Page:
Compared to the general population, welfare recipients have higher-than-average rates of mental health conditions (see Table I.2). Approximately 6.5 percent of the general population is diagnosed with major depression in a given year. Fewer individuals are diagnosed with PTSD (3.6 percent) or generalized anxiety disorder (3.4 percent) (U.S. Department of Health and Human Services 1999).
PREVALENCE OF SPECIFIC MENTAL DISORDERS AMONG WELFARE RECIPIENTS
||U.S. General Adult Population
||Female Welfare Recipients in Michigan
||Long-Term Welfare Recipients in Utah
|Post-Traumatic Stress Disorder
|Sources: U.S. Department of Health and Human Services (1999), Danziger et al. (1999), Barusch et al. (1999).
There is wide variation in the reported rates of mental health conditions among welfare recipients. Estimates differ depending on how mental health conditions are defined and measured, and by the population studied. In the National Survey of America's Families, 35 percent of low-income families reported having poor mental health using scales measuring anxiety, depression, loss of emotional control, and psychological well-being (Zedlewski 1999). Researchers in Michigan found similar rates of mental health conditions (36 percent) among welfare recipients (Danziger et al. 1999). In a look at the prevalence of mental health, substance abuse, and domestic violence issues among California's CalWORKs participants, Chandler and Meisel (2000) found that more than one-third of these individuals had at least one diagnosable mental disorder in the previous 12 months, and about 20 percent had two or more. Of those with a mental disorder, more than one-fourth indicated their disorder interfered "a lot" with life or daily activities.
Major depression is the most common mental disorder among welfare recipients, followed by PTSD and generalized anxiety disorder. The prevalence of depression is startlingly high. In a Michigan study of barriers to employment faced by female welfare recipients, 27 percent of the study sample screened positive for clinical depression (Danziger et al. 1999). Researchers in Utah, using the measure for depression used in the Michigan study, found that 42 percent of long-term welfare recipients in Utah had clinical depression in the year before the interview (Barusch et al. 1999). This rate is nearly seven times that of the general adult population. Barusch et al. also found that 57 percent of these long-term welfare recipients were currently at risk for depression. Other researchers have found sizable differences in the rates of depression between welfare recipients and nonrecipients (Olson and Pavetti 1996, Leon and Weissman 1993).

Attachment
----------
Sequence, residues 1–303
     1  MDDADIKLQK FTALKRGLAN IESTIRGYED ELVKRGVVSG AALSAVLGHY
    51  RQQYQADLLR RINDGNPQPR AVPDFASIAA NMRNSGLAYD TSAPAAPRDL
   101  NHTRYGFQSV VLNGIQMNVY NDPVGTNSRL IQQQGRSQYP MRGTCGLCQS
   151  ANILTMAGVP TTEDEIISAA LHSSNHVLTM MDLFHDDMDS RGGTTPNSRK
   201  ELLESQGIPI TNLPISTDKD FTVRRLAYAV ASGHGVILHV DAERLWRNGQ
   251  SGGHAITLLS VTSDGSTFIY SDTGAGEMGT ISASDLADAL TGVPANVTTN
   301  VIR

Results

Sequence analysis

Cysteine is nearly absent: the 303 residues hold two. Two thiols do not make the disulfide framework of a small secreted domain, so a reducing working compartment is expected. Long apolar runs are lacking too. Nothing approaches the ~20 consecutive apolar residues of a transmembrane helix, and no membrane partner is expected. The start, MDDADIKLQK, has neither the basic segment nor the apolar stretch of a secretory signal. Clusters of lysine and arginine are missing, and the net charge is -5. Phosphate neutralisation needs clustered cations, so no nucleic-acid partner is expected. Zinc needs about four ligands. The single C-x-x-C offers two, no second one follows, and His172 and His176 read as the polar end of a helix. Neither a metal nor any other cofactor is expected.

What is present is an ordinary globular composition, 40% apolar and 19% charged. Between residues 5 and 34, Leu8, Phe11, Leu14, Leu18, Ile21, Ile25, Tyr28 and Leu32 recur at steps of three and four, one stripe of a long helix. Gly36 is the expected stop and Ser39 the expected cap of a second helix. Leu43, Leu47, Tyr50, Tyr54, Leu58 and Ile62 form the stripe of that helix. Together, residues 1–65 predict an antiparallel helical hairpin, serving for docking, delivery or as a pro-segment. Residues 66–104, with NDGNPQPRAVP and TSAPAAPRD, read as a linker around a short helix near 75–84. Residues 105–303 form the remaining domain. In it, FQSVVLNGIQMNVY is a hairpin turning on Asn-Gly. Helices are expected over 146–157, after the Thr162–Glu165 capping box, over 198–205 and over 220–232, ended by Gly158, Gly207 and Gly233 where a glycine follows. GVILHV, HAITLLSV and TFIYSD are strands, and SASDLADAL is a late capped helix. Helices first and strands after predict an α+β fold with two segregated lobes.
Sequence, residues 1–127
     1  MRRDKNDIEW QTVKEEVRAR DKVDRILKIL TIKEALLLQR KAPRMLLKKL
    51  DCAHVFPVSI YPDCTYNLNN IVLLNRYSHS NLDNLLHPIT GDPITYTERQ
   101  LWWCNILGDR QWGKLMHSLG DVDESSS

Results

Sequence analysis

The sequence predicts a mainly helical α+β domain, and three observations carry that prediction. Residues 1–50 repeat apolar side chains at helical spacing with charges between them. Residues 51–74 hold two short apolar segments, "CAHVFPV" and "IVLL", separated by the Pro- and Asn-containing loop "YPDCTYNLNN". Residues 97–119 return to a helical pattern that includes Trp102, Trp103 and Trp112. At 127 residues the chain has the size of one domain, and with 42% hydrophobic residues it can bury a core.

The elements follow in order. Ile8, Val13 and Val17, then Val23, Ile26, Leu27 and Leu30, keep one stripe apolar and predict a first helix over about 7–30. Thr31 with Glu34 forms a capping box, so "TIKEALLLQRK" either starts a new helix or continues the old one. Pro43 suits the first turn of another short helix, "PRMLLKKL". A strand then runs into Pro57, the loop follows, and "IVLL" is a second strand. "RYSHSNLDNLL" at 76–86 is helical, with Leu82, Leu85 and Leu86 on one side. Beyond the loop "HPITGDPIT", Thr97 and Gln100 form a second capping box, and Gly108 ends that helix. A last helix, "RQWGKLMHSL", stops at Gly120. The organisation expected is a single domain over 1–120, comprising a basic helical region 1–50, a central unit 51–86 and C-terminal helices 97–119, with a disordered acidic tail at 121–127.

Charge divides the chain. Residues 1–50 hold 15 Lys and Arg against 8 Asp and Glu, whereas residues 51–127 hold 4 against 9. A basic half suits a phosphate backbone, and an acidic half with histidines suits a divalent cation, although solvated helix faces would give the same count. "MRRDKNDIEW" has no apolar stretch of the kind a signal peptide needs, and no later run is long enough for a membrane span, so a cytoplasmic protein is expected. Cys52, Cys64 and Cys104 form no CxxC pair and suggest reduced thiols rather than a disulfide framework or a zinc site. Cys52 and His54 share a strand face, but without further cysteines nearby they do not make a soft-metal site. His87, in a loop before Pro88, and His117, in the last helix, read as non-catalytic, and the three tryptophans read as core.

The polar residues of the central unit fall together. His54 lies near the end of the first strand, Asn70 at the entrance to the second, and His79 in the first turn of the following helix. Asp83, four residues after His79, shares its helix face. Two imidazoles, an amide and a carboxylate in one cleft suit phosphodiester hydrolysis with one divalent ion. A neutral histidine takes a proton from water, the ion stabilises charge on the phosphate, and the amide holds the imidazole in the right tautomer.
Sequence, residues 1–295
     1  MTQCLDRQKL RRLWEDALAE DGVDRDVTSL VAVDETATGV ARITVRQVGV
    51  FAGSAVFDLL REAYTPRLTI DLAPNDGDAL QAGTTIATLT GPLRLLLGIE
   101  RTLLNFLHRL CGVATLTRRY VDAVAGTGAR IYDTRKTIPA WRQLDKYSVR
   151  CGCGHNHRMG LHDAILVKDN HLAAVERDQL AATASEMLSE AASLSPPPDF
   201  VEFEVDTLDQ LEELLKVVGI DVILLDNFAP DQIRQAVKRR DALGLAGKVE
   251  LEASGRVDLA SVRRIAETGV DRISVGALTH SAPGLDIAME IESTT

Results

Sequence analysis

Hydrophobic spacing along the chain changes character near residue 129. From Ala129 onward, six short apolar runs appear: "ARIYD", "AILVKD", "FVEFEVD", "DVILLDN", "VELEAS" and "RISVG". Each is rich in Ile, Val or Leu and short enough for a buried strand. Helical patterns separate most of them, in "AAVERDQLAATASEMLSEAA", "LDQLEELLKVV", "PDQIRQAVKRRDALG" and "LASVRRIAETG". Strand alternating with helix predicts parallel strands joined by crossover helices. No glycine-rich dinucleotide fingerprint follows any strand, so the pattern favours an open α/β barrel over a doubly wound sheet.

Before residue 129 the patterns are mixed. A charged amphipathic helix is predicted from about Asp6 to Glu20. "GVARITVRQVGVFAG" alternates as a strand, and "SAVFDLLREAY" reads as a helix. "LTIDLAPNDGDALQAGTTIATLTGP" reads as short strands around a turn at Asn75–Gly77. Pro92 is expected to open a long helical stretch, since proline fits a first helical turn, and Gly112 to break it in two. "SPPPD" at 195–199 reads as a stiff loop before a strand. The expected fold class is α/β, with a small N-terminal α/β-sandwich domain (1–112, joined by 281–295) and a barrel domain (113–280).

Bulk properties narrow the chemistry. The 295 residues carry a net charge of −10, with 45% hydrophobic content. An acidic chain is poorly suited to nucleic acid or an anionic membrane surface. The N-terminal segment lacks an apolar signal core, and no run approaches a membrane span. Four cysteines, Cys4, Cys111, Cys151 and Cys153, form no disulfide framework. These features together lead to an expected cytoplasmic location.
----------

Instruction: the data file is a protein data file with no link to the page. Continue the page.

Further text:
While it is clear that depression is the most widespread mental health condition among the welfare population, what is not clear is the extent to which the depression precedes unemployment and receipt of cash assistance or vice versa, the depression being a product of the stress and frustration associated with those experiences. Regardless of which comes first, the symptoms of depression sleeplessness, loss of self-esteem, social withdrawal, apathy, and fatigue often interfere with the ability to find and keep a job and to support a family.
In addition to depression, generalized anxiety disorder and PTSD are prevalent among the welfare population and are often a result of childhood maltreatment, domestic violence, and other traumatic experiences. Welfare recipients experience generalized anxiety disorder and PTSD at rates substantially higher than the general population (see Table I.2). In-person interviews of women on welfare in Michigan revealed that the incidence of PTSD is four times that of the general population (Danziger et al. 1999). And the rate of generalized anxiety disorder among these women is twice as high as in the general population. Using the same measures as the researchers in Michigan, researchers in Utah found similar results among long-term welfare recipients (Barusch et al. 1999).